COURTESY SANYO ELECTRIC;
Sanyo Electric yesterday became Hoku Scientific's biggest customer with a $370 million contract. Above, Sanyo's Solar Ark, a 1,033-foot-wide solar-powered museum in central Japan, was built in 2002 to mark the company's push into the solar-cell market. CLICK FOR LARGE
Hoku deal with Sanyo energizes solar venture
The $370M pact paves the way for a new plant and catapults the Hawaii company's stock
Chief Executive Dustin Shindo always believed there was an opportunity for fledgling Hoku Scientific Inc. in the booming solar industry.
But until yesterday, the Kapolei-based company hadn't achieved a landmark deal that would signal Hoku's arrival.
Now it has.
Hoku's $370 million contract to supply the polysilicon for solar panels to Osaka, Japan-based Sanyo Electric Co. Ltd. gives Hoku its largest customer as well as financing needed to start building its new solar-cell and polysilicon plant planned in Pocatello, Idaho.
Investors embraced the deal and more than doubled Hoku's stock price yesterday to $6.90, a gain of $3.80 or 122.6 percent. The trading volume of 28 million shares -- 78 times its average daily volume for the past 12 months -- was an all-time high for the company, which went public in August 2005.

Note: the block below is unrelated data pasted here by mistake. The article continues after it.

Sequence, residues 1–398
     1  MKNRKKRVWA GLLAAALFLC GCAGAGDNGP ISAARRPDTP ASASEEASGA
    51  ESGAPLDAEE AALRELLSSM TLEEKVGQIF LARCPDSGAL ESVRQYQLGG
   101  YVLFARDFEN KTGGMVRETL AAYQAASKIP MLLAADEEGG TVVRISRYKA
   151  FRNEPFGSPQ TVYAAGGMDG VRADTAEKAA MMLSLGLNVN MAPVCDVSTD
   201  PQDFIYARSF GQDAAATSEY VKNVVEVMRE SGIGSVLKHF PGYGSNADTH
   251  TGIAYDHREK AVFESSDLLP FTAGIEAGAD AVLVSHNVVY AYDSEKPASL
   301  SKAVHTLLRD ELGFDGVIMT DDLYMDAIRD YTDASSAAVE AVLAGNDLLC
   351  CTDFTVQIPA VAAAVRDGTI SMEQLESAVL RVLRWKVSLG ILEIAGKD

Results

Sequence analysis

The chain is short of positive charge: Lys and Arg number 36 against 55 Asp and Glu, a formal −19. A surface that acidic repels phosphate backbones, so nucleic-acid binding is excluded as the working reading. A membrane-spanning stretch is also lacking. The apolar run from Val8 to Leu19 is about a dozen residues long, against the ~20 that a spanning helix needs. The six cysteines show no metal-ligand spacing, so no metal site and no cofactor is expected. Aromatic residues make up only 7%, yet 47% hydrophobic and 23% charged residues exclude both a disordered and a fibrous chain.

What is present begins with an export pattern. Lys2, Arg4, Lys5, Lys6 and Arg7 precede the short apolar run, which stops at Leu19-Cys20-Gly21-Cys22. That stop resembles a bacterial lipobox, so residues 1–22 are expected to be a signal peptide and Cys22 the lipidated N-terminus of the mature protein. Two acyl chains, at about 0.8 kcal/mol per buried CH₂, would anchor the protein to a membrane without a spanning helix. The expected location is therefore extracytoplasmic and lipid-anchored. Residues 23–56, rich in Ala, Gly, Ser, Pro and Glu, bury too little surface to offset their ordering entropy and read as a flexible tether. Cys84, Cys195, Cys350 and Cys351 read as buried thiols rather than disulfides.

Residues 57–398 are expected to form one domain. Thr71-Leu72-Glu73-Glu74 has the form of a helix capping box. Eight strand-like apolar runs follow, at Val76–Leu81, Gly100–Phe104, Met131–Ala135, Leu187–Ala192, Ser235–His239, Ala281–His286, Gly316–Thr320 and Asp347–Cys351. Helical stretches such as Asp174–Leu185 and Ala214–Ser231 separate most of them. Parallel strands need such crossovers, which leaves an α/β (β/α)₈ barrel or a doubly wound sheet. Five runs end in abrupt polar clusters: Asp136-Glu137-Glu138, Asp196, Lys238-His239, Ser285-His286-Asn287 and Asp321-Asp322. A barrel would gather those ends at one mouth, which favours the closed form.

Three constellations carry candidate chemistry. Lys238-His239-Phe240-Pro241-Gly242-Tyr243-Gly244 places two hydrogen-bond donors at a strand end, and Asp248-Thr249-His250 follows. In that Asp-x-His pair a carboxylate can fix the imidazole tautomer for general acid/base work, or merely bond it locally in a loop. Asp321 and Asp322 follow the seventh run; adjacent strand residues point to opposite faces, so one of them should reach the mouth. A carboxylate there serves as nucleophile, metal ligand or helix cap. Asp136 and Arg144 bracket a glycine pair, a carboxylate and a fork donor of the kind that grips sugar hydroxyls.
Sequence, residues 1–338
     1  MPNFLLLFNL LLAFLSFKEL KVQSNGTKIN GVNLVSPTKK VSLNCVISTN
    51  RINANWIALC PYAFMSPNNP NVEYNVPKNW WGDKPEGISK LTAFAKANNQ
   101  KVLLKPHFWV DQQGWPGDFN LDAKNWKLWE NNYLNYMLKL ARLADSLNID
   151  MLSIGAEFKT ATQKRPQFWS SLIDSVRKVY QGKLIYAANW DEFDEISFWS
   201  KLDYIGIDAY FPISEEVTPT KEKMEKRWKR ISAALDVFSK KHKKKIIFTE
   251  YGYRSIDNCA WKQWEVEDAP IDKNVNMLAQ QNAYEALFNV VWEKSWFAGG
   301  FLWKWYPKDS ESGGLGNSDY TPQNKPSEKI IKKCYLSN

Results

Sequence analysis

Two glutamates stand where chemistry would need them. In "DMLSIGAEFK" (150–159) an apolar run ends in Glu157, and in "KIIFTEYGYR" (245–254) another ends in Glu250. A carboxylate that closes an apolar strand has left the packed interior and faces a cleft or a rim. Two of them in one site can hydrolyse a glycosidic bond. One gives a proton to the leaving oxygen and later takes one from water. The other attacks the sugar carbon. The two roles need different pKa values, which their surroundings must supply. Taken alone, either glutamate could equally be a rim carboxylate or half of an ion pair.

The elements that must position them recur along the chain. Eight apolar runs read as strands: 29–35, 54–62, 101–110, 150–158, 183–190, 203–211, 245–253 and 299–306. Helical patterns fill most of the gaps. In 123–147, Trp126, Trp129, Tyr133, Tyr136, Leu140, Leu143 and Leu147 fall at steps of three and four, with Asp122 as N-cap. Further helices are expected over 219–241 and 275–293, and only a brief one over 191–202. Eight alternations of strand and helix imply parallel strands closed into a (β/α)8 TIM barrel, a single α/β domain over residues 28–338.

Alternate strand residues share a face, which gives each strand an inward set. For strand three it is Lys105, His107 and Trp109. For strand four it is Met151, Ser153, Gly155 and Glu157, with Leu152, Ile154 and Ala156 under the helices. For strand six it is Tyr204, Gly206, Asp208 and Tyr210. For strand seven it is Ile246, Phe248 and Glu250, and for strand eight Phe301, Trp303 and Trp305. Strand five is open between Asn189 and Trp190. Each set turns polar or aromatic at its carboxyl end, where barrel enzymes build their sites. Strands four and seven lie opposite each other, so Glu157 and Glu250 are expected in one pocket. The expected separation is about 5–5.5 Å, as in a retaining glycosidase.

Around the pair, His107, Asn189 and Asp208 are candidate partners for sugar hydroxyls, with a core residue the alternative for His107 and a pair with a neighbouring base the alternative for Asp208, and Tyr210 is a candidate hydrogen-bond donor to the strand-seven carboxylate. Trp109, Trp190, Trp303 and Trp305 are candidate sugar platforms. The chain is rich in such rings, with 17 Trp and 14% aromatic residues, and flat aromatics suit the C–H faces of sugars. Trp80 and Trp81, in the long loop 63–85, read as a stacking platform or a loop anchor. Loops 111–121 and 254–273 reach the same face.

"It validates our strategy and approach," said Shindo, who began diversifying toward solar last year after founding the company about five years ago to commercialize fuel-cell technology. "It's something that validates we're moving in the right direction. As a company, we have put a long-term approach to energy technology, and I think we are proud of the success we had today. But we try not to pat ourselves on the back too much and say it's the most amazing thing ever. It's really just one step."
The contract with recently formed subsidiary Hoku Materials calls for the delivery of predetermined volumes of polysilicon each year at set prices from January 2009 through December 2015. It also provides for an initial direct deposit of $2 million to Hoku upon signing, and requires that Sanyo put approximately 30 percent, or $111 million, of the total purchase amount in an escrow amount with Bank of Hawaii.